Taxonomic research

Supporting taxonomic research in the context of the Global Taxonomy Initiative (GTI)

Supporting taxonomic research in the context of the Global Taxonomy Initiative (GTI)

Taxonomy is the science of describing, naming and classifying the world’s organisms based on morphological, behavioral, genetic and biochemical observations, among others. Through this process taxonomists have gained far-reaching insights into the past and present components of biological diversity. Unfortunately, taxonomic knowledge is far from complete while biodiversity is declining at an unprecedented rate. If we do not know what is there, it is impossible to know what we are losing, let alone protect something we do not have a name for or which we cannot identify.

These gaps in our taxonomic systems and knowledge – together with the shortage of trained taxonomists and curators, the unequal access to taxonomic information and collections, and the unequal availability of taxonomic infrastructure – are referred to as the ‘taxonomic impediment’, which hinders the implementation of the CBD, especially in megadiverse developing countries.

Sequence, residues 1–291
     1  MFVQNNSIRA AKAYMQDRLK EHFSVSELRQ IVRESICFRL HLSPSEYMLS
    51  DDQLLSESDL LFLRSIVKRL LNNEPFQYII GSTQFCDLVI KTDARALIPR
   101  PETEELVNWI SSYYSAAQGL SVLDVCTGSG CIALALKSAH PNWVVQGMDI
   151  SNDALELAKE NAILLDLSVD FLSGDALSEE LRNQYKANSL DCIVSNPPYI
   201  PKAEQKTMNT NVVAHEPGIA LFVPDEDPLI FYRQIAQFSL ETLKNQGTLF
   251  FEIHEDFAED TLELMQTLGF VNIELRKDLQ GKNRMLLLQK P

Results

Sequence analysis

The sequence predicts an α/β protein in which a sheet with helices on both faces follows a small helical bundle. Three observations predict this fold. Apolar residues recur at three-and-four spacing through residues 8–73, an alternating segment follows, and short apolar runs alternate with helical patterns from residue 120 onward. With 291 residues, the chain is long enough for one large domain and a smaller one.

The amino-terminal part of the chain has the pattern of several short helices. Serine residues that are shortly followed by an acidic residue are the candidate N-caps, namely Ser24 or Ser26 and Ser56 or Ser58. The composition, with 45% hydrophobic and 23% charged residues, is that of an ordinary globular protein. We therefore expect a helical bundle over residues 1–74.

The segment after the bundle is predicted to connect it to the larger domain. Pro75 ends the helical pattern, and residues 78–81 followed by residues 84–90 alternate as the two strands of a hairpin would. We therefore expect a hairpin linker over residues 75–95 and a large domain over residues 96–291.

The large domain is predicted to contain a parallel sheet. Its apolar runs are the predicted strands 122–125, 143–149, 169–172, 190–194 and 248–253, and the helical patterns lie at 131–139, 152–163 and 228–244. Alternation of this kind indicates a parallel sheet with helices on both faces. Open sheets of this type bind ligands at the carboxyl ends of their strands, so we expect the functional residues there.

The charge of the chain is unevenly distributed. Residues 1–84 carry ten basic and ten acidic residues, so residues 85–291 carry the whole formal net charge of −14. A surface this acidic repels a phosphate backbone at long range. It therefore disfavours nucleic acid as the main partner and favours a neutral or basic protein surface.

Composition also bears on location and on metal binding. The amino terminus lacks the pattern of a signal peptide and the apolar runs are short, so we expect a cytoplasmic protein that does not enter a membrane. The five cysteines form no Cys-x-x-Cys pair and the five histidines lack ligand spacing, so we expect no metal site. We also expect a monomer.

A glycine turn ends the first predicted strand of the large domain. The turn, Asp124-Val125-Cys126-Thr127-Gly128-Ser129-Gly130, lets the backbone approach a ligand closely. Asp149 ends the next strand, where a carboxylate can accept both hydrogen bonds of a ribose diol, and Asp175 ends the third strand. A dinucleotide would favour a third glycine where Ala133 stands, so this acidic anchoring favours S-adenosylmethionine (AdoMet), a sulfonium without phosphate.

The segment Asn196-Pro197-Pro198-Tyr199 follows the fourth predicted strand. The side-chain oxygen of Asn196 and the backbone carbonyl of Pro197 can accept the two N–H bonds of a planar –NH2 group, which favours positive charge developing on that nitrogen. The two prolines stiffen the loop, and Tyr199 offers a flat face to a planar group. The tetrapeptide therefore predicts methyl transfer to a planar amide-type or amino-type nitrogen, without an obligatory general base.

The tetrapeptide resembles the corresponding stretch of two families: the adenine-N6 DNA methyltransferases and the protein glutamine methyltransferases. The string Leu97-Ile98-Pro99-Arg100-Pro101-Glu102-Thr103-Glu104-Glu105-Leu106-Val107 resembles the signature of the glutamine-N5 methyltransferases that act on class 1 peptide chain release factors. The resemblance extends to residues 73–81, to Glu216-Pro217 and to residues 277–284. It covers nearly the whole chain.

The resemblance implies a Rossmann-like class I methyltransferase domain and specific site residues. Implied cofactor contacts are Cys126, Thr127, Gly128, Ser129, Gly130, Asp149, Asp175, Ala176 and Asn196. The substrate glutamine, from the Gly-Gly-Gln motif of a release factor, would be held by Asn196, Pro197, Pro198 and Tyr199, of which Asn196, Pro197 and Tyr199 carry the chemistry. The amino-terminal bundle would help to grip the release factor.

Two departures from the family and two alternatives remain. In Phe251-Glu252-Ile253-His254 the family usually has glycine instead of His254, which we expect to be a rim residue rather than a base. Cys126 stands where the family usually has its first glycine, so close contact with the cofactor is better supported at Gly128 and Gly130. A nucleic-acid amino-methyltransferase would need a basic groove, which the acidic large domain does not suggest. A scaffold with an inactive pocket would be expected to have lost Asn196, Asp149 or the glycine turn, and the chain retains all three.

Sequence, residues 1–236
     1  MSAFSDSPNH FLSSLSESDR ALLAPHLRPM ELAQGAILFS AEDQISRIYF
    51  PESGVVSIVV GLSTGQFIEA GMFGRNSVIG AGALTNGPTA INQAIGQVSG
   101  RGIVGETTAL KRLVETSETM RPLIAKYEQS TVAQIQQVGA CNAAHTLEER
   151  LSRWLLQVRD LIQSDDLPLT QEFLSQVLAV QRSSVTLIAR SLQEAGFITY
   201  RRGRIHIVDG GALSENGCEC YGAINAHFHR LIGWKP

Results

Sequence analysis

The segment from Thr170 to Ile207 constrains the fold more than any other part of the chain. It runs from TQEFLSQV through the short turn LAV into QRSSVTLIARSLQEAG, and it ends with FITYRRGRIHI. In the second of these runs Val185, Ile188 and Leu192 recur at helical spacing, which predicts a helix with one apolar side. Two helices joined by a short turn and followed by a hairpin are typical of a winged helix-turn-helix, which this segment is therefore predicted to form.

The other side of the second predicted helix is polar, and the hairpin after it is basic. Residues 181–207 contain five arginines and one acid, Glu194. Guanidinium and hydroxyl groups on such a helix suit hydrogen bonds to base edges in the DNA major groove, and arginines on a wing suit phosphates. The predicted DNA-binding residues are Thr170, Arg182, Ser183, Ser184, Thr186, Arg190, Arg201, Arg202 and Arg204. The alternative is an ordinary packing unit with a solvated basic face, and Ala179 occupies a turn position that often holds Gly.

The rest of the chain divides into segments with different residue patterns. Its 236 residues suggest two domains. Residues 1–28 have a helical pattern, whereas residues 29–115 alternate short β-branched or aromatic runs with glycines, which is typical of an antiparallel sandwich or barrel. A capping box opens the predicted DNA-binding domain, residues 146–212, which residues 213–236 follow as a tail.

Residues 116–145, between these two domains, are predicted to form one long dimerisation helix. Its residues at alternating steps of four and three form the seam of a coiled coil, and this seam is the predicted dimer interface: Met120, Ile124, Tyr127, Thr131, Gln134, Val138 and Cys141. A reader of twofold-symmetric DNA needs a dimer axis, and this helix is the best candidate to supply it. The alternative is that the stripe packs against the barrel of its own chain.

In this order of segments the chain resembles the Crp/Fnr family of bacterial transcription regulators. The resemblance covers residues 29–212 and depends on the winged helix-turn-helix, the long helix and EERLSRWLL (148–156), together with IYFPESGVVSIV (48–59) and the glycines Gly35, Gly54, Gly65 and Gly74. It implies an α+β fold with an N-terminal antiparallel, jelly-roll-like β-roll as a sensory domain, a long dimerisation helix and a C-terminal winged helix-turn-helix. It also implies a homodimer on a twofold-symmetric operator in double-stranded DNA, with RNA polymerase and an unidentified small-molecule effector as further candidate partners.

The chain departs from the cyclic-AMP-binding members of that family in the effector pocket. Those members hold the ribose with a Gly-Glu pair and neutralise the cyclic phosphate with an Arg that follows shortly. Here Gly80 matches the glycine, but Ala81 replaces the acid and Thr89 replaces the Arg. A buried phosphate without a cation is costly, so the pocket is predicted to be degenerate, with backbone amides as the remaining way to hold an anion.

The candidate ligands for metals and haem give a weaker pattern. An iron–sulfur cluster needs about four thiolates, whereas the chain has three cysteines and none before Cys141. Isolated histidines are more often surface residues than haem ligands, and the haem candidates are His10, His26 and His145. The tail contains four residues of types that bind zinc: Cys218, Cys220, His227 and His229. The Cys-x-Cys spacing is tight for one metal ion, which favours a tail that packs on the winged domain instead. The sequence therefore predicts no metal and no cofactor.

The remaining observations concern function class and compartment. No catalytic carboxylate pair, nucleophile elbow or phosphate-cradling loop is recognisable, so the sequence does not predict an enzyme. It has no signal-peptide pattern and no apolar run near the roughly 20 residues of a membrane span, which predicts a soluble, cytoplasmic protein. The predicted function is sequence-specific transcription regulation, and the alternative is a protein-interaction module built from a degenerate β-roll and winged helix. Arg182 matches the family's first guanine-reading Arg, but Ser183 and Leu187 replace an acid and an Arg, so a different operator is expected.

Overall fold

Therefore, in order to resolve this taxonomic impediment and to enable Parties to better understand, manage and safeguard their own biodiversity, the Global Taxonomy Initiative (GTI) was established under the CBD in 1998. Since 2001, RBINS-CEBioS houses the Belgian National Focal Point (NFP) to the GTI.                                              

In this context, the activities of the Belgian GTI NFP at CEBioS are aimed at:

  • Strengthening the taxonomic and curatorial capacities of partner countries of the Belgian Development Cooperation by providing training in taxonomy and collection management in Belgium or locally, and publishing dedicated manuals in the Abc Taxa series, published by RBINS-CEBioS.
  • Improving access of researchers from developing countries to scientific literature, databases and collections held in Belgium or elsewhere, to expand their knowledge on the components of their national biodiversity.
  • Raising awareness among concerned stakeholders, including local populations and policy makers, on the importance of and the measures required for the monitoring and conservation of their national or local biodiversity.

Most of these activities are linked to calls for project proposals. Grant seekers can access specific information about the calls here.

More details about the Belgian GTI and its past and present activities can be found on the dedicated website of the GTI NFP.